Posted 7/15/2010 8:14am by Christy and Chris Kantlehner.
Hello Everybody! 
First of all, thank you for the rain dancing. The plants are so delighted to get a drink!
 
In this week's share you found:

1 Eggplant. The very first ones. When I have just one of these guys I usually end up dicing it up to put in a sautee with other veggies. We had a nice lunch of tostadas on Tuesday: tortillas with some leftover rice and grated cheese topped with diced eggplant, summer squash and zucchini that had been tossed briefly in some olive oil with salt, pepper, and fresh basil. Those went on top - they were baked in the oven on a cookie sheet (until that was taking too long and we had to microwave them). Serve with scallion tops, hot sauce and sour cream. yum. Eggplant is really nice on the grill, too. Make sure to marinate in oil, at least - a salad dressing works great, soy sauce and sesame oil can be nice touches. If you're grilling some zucchini anyway - why not throw on the eggplant?

Parsley. You've definitely seen this one before. Don't forget parsley paired with fish, if you are making a chowder or just roasting some fish. parsley is a perfect touch. Tabouleh is a great parsley-centered dish to look up - wonderful with hummus, pita, and some fresh veggies.

Carrots. Cute little bunches. Carrots are a great base for lots of soups and sauces. Bolognese sauce is wonderful with some carrot for sweetness in the base. Shredded carrots are a staple for my salad routine. Roasted carrots are delicious - carrots, torped onions, and new potatoes would roast together nicely - perhaps with some chunks of garlic and fresh rosemary. A nice side for something different is carrots sliced on a bias and sauteed with some olive oil and a touch of butter, a splash of OJ if you think you need a little liquid to cook them, and finished with a fresh grating of ginger and a sprinkle of brown sugar (if you like). 

Dill. Great with fish. lemon, butter, dill, and white fish. How about a sour cream veggie dip? The new potatoes, boiled, diced into chunks, and tossed with a little mayo, lemon juice, and fresh dill, make a lovely potato salad.

Torpedo Onions. This variety is called Long Red of Florence (last year we had Tropeana Lunga, some of you may recall). This is a fresh onion. The bunch will keep best in a plastic bag in your fridge. When we start harvesting onions for storage, curing them and cleaning the tops off - those you can keep in a basket on your counter or in an onion bin. I'll let you know. Fresh onions tend to be a little sweeter. Their sugars are even more concentrated when cooked - roasting or grilling is great. You can also slice them into little rounds for a salad, burger, or sandwich or dice them into any sort of salad -grain or tuna, potato or pasta, whatever.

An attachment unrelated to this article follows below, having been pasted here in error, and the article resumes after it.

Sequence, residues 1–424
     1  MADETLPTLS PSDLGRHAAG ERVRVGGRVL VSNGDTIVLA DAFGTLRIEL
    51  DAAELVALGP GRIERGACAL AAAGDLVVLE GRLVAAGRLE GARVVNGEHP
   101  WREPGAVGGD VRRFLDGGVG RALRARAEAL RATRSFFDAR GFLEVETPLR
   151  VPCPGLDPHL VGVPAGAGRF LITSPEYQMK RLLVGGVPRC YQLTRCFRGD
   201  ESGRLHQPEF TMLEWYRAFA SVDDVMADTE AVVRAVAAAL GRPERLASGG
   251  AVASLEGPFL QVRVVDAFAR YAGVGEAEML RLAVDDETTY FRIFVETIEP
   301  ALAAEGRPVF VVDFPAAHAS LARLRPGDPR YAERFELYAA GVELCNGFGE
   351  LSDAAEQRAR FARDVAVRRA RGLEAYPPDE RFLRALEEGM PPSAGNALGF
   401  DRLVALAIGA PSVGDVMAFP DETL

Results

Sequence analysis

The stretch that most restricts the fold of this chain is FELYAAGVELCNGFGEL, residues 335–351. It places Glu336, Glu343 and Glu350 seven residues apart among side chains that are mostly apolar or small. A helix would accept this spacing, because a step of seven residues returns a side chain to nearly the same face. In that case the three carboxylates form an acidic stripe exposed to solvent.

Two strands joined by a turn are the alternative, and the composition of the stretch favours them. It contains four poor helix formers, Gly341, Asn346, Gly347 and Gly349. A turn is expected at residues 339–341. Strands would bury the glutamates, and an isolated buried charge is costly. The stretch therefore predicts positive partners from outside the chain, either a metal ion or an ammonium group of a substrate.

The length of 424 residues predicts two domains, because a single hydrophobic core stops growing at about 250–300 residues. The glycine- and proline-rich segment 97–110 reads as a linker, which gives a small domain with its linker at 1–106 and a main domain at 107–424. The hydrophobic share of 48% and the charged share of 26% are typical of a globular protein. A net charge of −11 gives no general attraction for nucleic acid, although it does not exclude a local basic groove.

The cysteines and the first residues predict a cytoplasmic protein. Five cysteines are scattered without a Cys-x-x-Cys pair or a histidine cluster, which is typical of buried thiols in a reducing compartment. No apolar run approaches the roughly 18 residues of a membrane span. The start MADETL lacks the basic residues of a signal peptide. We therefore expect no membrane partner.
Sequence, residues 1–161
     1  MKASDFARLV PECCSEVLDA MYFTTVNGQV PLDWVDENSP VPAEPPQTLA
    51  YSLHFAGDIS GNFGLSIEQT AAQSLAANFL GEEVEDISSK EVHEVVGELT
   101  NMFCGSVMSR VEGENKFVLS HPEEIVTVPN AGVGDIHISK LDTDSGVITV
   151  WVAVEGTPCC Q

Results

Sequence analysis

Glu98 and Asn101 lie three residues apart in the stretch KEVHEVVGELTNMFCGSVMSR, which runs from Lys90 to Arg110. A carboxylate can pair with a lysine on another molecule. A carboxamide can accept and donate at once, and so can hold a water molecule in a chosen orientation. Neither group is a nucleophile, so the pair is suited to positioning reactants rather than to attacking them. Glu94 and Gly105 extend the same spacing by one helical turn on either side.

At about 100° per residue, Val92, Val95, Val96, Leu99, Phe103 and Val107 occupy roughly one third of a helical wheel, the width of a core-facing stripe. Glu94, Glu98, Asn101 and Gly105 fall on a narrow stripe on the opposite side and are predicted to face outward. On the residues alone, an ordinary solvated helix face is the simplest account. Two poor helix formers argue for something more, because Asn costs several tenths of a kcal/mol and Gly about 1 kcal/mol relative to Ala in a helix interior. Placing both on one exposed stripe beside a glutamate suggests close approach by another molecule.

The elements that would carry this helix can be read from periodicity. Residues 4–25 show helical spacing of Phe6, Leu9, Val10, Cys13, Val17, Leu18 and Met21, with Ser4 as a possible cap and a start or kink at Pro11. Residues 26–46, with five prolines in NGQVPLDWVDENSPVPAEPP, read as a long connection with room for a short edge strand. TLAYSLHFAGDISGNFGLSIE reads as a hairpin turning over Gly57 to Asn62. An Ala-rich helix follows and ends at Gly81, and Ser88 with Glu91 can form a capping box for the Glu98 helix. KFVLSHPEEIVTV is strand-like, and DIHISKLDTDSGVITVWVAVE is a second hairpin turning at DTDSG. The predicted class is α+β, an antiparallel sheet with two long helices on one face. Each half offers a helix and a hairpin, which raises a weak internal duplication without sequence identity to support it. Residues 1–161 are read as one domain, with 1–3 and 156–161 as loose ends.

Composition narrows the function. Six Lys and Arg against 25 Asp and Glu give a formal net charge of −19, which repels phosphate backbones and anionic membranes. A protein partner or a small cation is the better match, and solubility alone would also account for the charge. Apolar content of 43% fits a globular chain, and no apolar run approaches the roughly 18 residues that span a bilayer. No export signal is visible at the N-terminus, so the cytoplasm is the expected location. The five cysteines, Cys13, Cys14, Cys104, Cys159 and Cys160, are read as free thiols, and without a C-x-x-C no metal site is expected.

Scallions.  I can't bear to not use onions in cooking. My mom is visiting and sensitive to onions, so I've been substituting the milder scallions for onions with good success! The other day I made a sautee of scallions and half-moons of zucchini while I food processed some basil with good olive oil, salt, and lemon juice for a quick pesto pasta with spaghetti, toasted pine nuts, and parmigiano. The scallion tops are perfect for the potato salad, a green salad, eggs, nachos, or anything with a tortilla and cheese.

New potatoes. Who knew potatoes could have so much flavor? I adore these little taters. I took two large, ugly ones home from the stand the other day and sliced them thin and put them on the tiny toaster oven tray (too hot for the whole life-sized oven!). I snipped a few springs from my Rosemary plant, tossed with olive oil, salt and pepper, and voila. 400 degrees for 20-25 minutes, flipping once with a spatula. They came out just slightly al dente, but so delicious - not undercooked, just full of good texture. I highly recommend making a fresh potato salad. Warm potato salad you can serve with dinner, the leftovers are perfect cold with lunch. Try a variation on the recipe I put up last week.

Zucchini, Summer Squash, and one odd guy: Eight Ball round zucchini, patty pan, or flying saucer. They can all be used the same way. Sauteed or grilled are my favorite. These veggies lend themselves easily to a quick pasta or a stir fry. For something different try my mom's Zucchini Bread or fellow CSA member, Jill's recipe for Zucchini Chocolate Chip Cookies.

Lettuce. Thank goodness for all the varieties of lettuce. Diffferent ones are great for different weather. The red-tinged variety, Magenta, holds well and has some good crispness that makes you want to put it on a burger or a sandwich. or just make a nice side salad. My Auntie Ann gave me this delicious recipe for Maple-Ginger Vinaigrette salad dressing, if you feel like jazzing up your salads. Toasted nuts or seeds, a nice cheese, dried fruits, and shredded carrots make a winning combo before cukes and tomatoes are on full blast.
Posted 7/14/2010 10:01pm by Christy and Chris Kantlehner.
This Saturday, July 17th, we at White Barn Farm are proud to make available good meat for our customers. Our dedicated young farmer friend, Floyd, from Barre, Mass, will be down for Saturday's market with packages of a variety of different cuts of pork and beef in his freezer on wheels. Floyd raises heritage breed pigs that root around, grazing and foraging, and eating grain as well. He shares marketing responsibilities with another local farmer in his area who raises grass-fed beef. Some of you may be familiar with Floyd from last year's Thanksgiving sale and this year's Plant Sale. His website is BurnshirtValleyFarm.com We highly recommend the quality of this meat. Do be aware that the leaner meats that are produced by raising animals in a more natural environment require shorter cooking times. Marinating or brining is sometimes the best way to ensure the moistest, most delicious pork chops, for example. The good conscience is just a bonus!